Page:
I have heard a similar explanation of nilavilakku and was looking online about it. Along with your post, I found another weblink. A quote from there is here: "The lamp denotes the Hindu trinity of Brahma/Vishnu/Shiva. The base represents Brahma, the stem represents Vishnu, the head represents Shiva, the wicks represent Parvathi and the heat represents Lakshmi. This is the meaning of the Hindu lamp. The Hindu lamp is so beautiful in concept and design."

I realize that nilavilakku is not a part of our worship. Indeed we use it with a cross on top, which I think can be explained as good or bad. I remember hearing a native american pastor saying that through Christ the cultures are blessed, and hence the practices that they had for years and years do not need to be changed (if they do not contradict the Bible). In other words, the face of Christianity is not Western, but global. In a similar way, we have inherited different cultural values and practices.

That being said, my question is about using the nilavilakku (without a cross) on Christian functions/prayers etc. Even though it represent light, isn't the religious meaning that it has, before we adapted it, an issue? I am thinking this along with Deut 12:31, "You must not worship the Lord your God in their way, because in worshiping their gods, they do all kinds of detestable things the Lord hates. They even burn their sons and daughters in the fire as sacrifices to their gods."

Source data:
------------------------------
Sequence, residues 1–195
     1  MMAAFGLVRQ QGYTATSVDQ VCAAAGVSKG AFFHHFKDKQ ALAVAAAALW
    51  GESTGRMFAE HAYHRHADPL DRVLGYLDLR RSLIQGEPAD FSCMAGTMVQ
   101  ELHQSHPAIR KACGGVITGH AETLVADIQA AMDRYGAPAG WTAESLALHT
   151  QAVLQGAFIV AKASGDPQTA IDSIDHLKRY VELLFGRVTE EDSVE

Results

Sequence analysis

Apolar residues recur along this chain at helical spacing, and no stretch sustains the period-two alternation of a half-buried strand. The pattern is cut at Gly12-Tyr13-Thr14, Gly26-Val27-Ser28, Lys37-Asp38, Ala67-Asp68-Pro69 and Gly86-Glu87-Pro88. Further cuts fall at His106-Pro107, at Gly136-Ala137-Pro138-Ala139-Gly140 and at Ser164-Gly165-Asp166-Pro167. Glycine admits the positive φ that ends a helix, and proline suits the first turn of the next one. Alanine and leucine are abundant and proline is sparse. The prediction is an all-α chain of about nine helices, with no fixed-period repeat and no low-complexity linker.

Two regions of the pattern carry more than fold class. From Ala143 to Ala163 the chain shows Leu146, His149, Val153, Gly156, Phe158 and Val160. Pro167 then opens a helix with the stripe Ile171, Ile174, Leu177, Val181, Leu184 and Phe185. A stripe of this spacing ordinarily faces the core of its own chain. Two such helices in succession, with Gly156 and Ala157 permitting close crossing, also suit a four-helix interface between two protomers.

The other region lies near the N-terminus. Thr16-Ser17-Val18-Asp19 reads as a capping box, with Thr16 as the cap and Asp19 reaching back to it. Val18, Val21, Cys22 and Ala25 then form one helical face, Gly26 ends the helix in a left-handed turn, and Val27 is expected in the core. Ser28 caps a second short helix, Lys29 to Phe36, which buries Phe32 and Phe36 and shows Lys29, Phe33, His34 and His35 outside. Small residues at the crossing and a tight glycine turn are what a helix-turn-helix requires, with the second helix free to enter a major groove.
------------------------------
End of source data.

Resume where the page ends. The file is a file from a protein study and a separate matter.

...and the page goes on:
Would love to hear your thoughts.

Dear Jerin
Of course Christ is universal and any thing that can represent Him should not be considered as alien to Christians. Israel, when they came to Canaan, had similar situation. What they did was adapted the cultural elements in Canaan, but reinterpreted the meaning of each in such a way it represented their faith. Here I would make a small addition to what you read from this native American pastor to this effect. We can adapt any thing from other cultures, but need to give a new meaning to the elements in it. This happens in other religions too. When we adapted the 'thali' for women in marriage, we put a cross on it. We have now classical music and dance from Indian local cultures, but with Christian themes.